UK and US say Bangladesh election was not free and fair

India, Russia and China congratulate Hasina as Western democracies condemn poll violence

Alisha Rahaman Sarkar
Tuesday 09 January 2024 07:22 GMT
Bangladesh Prime Minister Sheikh Hasina presser following election win
Bangladesh Prime Minister Sheikh Hasina presser following election win (EPA)

The UK and the US have raised an alarm over the conduct of the 12th general election in Bangladesh, saying it was not credible, free, and fair.

Sheikh Hasina was elected Bangladesh’s prime minister for a fifth time on Sunday in a virtually opposition-less election marred by violence.

Her Awami League party secured three-quarters of the seats in the 300-member parliament. Independent candidates took 62, the Jatiya Party – the third largest – took 11, and three smaller parties got three seats.

Several members of the ruling party were allegedly fielded as "dummy" independent candidates in the election in a show of false participation and fairness. Ms Hasina’s main rival, the Bangladesh Nationalist Party (BNP) led by jailed former prime minister Khaleda Zia, boycotted the general elections, saying that it would be a futile and unfair exercise under her administration.

Critics of the government raised an alarm over the country’s slide into authoritarianism, crackdown on opposition parties, and the constant effort to throttle dissent through arbitrary detention and unchecked political violence.

Nearly 25,000 members of the BNP have been arrested since rallies against the government turned deadly with at least 14 people killed since mid-2023.

People confront with police during the 12th general election in Chattogram (REUTERS)

"The United States remains concerned by the arrests of thousands of political opposition members and by reports of irregularities on elections day," State Department spokesperson Mathew Miller said.

"The United States shares the view with other observers that these elections were not free or fair and we regret that not all parties participated."

He added: "We encourage the government of Bangladesh to credibly investigate reports of violence and to hold perpetrators accountable."

Washington, one of Dhaka's largest trading partners, reacted strongly to Dhaka's domestic political crisis by announcing visa restrictions against the country’s officials for “undermining the democratic election process”.

The UK on Monday said Dhaka did not meet the standards of conducting a free election, citing acts of intimidation and violence that took place in the run-up to the 7 January polls.

"Democratic elections depend on credible, open, and fair competition. Respect for human rights, rule of law and due process are essential elements of the democratic process. These standards were not consistently met during the election period," the British government's foreign office said in a statement.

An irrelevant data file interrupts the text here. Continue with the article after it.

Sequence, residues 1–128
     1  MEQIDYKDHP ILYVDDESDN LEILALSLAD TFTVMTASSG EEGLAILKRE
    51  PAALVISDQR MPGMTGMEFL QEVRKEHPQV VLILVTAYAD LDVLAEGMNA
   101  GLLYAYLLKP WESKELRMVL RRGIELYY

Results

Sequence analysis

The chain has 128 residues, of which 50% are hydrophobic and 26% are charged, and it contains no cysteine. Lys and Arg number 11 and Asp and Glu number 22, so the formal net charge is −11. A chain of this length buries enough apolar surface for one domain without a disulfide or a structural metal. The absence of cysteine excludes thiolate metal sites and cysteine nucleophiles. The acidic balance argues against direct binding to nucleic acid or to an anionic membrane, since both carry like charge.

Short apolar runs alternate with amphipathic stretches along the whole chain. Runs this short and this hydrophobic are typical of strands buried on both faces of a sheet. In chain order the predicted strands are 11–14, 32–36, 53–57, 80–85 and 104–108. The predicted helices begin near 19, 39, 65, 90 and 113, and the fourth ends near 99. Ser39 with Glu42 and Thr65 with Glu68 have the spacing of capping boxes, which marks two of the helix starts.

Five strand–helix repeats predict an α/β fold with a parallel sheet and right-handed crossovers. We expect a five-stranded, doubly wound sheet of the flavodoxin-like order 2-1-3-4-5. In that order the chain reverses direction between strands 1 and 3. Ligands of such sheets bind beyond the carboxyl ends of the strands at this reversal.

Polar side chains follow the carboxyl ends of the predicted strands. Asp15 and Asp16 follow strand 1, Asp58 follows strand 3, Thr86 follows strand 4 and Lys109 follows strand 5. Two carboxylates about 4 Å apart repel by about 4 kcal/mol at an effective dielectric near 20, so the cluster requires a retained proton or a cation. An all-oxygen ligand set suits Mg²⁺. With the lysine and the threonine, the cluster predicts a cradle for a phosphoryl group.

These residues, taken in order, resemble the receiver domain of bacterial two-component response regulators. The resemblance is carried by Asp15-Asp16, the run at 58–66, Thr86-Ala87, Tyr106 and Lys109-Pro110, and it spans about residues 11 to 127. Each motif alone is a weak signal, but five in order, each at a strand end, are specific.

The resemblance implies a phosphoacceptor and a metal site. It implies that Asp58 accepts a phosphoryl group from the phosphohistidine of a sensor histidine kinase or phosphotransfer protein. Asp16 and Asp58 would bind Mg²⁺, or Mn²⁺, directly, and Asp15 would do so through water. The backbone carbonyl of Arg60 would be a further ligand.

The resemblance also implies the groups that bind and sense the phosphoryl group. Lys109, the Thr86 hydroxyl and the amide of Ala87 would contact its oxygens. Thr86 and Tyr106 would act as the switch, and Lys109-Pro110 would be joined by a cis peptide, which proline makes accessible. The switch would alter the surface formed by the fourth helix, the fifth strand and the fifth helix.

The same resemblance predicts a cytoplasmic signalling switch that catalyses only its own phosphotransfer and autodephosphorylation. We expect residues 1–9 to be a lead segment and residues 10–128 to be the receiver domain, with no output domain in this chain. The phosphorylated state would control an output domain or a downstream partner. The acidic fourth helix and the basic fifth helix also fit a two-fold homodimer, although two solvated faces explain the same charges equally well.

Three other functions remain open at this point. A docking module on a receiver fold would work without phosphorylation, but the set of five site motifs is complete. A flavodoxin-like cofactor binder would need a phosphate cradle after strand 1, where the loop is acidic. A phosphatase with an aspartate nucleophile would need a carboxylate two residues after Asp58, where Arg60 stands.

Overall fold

"We are concerned at the significant number of arrests of opposition party members before polling day," the statement added.

Sunday's election saw just 41.8 per cent of the 119.6 million eligible voters turn out to cast their ballot, compared with over 80 per cent in the last election in 2018.

At least 18 arson attacks preceded the vote, including four deaths in an arson attack on a passenger train on Friday. On election day, a supporter of an Awami League candidate was stabbed to death in Munshiganj district near the capital, Dhaka, officials said.

A journalist sustained injuries after being assaulted by members of the ruling party for documenting alleged vote rigging.

The 76-year-old daughter of the country's founding father, Sheikh Mujibur Rahman, first became prime minister in 1996. This will be her fourth consecutive term in office.

"The election was free and fair," she told reporters, playing down the opposition boycott. "Each political party has right to take decision, absence of one party in election does not mean democracy is absent," she added.

A group of foreign observers suggested that the election was "held peacefully and with the participation of the common people". Canada issued a clarification that it had not deployed any election observers to monitor the polls.

"Any individual who identifies as a Canadian observer is acting independently. Their views have not been endorsed by the Government of Canada," the Canadian high commission said in a post on X, formerly Twitter.

India, Russia and China – three key allies of Hasina – were some of the first nations to congratulate the leader on her victory.

“I also congratulate the people of Bangladesh for the successful conduct of elections,” India’s prime minister Narendra Modi said. “We are committed to further strengthen our enduring and people-centric partnership with Bangladesh.”

Beijing’s ambassador Yao Wen praised a “long-established friendship” with Dhaka in a statement.

“We demand the immediate cancellation of the dummy election, resignation of Hasina and formation of a non-party neutral government for holding a fresh election,” senior BNP leader Abdul Moyeen Khan said.

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